author of Stereo(TYPE)
Jonah Mixon-Webster is a poet, conceptual/sound artist, and educator from Flint, MI. His debut collection of poetry and conceptual art, Stereo(TYPE) was selected by Tyrone Williams for the 2017 Sawtooth Poetry Prize from Ahsahta Press. He is a Ph. D. student in English Studies at Illinois State University, and is the recipient of fellowships from Vermont Studio Center, The Conversation Literary Festival, and Callaloo Writer’s Workshop. His poetry and hybrid works are featured or forthcoming in Barzakh Journal, Muzzle, Callaloo, Spoon River Poetry Review, Shade Journal, Assaracus, LARB’s Voluble, Best New Poets 2017, and Best American Experimental Writing 2018. He is also 1/5th of the multidisciplinary black arts collective CTTNN Club.
Praise for Stereo(TYPE):
Mixon-Webster’s Stereo(TYPE) focuses on systemic racism, particularly in a section of documentary poetry dealing with the Flint, Michigan water crisis as exacerbated by that state’s government. Experimental in nature, the poems range from spoken word with emphatic type to anaphora, erasure, and prose lyric.
“Stereo(TYPE) is an urgent cri de fe, a fiery pre-emptive strike against, and homage to, the next generation of masters and mistresses, terms that apply equally to those taking up the mantles of white supremacy and those (e.g., Kara Walker, Dawn Lundy Martin, Richard Pryor, Tisa Bryant, Douglas Kearney) making up their own suprematist/constructivist responses to the pecking orders, sidestepping self-immolation in the process. Terse, flippant, and more often right than wrong, Stereo(TYPE) is an ambidextrous skill set, multiplex declensions of that unwritten book called The Descent of the Negro.”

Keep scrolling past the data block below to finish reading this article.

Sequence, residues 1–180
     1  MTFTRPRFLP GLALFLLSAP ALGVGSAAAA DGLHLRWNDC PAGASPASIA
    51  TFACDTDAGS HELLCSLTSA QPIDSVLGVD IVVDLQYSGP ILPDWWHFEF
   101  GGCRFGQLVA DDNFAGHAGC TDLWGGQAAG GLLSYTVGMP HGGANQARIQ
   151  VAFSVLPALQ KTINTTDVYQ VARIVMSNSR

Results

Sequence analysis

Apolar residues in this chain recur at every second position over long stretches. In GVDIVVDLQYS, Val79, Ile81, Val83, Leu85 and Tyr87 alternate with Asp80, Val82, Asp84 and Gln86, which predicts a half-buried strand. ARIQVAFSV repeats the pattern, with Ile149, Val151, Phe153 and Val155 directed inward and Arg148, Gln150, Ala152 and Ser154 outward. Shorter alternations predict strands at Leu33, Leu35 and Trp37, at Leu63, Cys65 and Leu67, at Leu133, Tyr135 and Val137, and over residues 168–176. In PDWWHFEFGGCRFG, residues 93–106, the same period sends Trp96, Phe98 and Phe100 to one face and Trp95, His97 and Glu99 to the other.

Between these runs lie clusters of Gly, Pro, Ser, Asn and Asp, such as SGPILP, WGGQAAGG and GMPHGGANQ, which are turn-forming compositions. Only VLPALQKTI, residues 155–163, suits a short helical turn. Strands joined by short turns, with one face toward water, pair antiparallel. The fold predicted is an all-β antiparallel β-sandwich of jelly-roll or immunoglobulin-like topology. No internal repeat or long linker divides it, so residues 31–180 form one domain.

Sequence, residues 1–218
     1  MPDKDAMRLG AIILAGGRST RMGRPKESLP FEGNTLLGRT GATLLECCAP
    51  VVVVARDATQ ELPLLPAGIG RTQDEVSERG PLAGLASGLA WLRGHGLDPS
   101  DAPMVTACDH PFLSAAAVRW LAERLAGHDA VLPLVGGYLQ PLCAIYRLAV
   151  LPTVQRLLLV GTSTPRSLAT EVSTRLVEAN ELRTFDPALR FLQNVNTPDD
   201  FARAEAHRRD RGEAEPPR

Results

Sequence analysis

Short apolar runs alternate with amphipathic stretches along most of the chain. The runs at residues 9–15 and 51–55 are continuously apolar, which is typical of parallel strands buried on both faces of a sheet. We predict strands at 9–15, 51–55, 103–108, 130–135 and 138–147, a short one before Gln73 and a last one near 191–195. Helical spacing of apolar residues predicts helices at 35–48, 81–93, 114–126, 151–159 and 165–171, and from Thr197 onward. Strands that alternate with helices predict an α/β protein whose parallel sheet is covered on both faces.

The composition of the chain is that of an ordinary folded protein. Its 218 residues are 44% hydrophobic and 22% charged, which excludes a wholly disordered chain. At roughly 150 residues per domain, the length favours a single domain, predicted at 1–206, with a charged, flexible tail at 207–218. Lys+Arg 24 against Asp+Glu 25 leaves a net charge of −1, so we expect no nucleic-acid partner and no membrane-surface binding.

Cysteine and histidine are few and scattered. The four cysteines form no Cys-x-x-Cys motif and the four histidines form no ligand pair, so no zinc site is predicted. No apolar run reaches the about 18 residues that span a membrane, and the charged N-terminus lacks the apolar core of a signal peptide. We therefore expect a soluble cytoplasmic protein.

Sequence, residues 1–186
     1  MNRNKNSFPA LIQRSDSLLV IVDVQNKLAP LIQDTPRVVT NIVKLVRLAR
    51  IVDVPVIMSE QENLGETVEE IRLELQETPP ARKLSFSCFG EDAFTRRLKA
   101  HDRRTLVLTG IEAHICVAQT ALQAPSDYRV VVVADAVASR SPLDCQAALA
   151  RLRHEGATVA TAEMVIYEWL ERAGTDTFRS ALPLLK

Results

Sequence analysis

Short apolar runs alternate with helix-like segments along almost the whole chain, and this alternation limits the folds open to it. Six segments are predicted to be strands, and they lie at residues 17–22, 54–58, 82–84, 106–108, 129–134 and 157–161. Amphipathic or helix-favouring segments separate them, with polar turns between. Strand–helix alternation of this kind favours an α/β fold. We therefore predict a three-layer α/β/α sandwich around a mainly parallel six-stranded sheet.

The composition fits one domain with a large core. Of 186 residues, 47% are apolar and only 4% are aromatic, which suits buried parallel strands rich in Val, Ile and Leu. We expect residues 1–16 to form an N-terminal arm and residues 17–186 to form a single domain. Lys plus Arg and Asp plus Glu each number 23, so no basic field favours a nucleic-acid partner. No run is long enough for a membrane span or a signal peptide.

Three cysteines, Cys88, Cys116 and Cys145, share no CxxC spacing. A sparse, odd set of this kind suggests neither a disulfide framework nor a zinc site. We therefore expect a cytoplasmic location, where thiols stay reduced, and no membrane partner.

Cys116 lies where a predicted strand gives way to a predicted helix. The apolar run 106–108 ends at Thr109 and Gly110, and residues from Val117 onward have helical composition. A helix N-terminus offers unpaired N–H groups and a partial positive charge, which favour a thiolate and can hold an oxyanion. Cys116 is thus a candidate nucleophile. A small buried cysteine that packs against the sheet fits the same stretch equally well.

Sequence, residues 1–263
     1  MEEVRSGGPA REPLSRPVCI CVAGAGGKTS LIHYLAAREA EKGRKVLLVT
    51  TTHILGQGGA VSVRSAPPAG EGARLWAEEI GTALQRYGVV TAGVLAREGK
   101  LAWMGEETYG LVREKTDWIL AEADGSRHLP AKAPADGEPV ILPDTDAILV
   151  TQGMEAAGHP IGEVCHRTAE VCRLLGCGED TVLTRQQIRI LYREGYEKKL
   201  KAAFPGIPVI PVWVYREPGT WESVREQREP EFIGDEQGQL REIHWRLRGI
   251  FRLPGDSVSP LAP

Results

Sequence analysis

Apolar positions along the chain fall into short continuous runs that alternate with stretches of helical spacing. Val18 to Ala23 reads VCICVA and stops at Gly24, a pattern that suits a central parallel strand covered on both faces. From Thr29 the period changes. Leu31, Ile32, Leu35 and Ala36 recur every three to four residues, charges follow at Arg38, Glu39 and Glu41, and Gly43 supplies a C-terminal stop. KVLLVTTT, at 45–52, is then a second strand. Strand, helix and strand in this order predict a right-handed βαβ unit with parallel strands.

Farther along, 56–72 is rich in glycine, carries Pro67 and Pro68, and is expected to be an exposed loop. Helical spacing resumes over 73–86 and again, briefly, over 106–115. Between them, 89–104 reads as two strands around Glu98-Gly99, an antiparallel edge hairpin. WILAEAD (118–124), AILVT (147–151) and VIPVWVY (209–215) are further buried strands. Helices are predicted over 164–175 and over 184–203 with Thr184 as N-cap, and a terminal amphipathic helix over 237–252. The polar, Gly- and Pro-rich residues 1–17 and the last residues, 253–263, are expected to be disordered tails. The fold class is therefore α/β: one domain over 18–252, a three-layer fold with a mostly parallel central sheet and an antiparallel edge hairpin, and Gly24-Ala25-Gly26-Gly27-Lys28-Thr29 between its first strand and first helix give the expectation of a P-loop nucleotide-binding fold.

—Tyrone Williams, judge of the 2017 Sawtooth Poetry Prize.
“Jonah Mixon-Webster’s potent debut Stereo(TYPE) is kerosene for the torch, for an empire in dire need of being burned clean. His is a language wild with imaginative annihilation: of ‘the contagion that carries itself into the host,’ and the violence of ‘the body’s ruin.’ These urgent, rebellion-driven poems do not ask for supplication, though—if we’re brave enough—invite us to gather in the midst of apocalypse and look, sing, juke: at ourselves ‘as dust nursed by twilight,’ as ‘unholy witness,’ as ‘now neither one is it.’ This collection, for some, is a revelation. For others, a war-cry into the light.”
—Aricka Foreman, author of Dreams with a Glass Chamber
“Each poem in this collection chew with existential dread. Tension builds to a boiling point of unrelenting crisis without mitigation until there is no escaping its urgency or its provocations. Mixon-Webster’s language scatters in a ricochet of allusion, allegory and hood theory that simultaneously indicates and reifies the speaker’s humanity. Stereo(TYPE) should not be mistaken for a muscular interrogation of violences (although perhaps it is that, too) but seen as a rare mediation on the solitude of survivor’s guilt and the vulnerability of a raging interior.”
—Casey Rocheteau, author of The Dozens
“Jonah Mixon-Websteris helping to inaugurate a new era of unrelenting Darkness.”
—Simone Bailey, conceptual artist and creator of Let There be Darkness
“Jonah Mixon-Webster’s high lyricism guides us through Stereo(TYPE), rife with syntax and language that jumps out on the page. The root of the word ‘poem’ means ‘to make,’ and that is what Mixon-Webster is doing in these pages: making. Mixon-Webster is master of experimentation, for his work reads across multiple genres, creating new hybrids: poem-plays, poem-myths, poem-dreams, poem-dialogues, and more. This work is alive, demanding to be reckoned with, respected, and recognized.”
—Fatimah Asghar, author of If They Come for Us and co-creator of Brown Girls
Read More Here:
Muzzle Magazine – “Innovation of the Sacrosanct”
Muzzle Magazine – “Black Existentialism No. 12: Da’ Bad Nigga Blues“
HEArt Journal – “Two Poems by Jonah Mixon-Webster”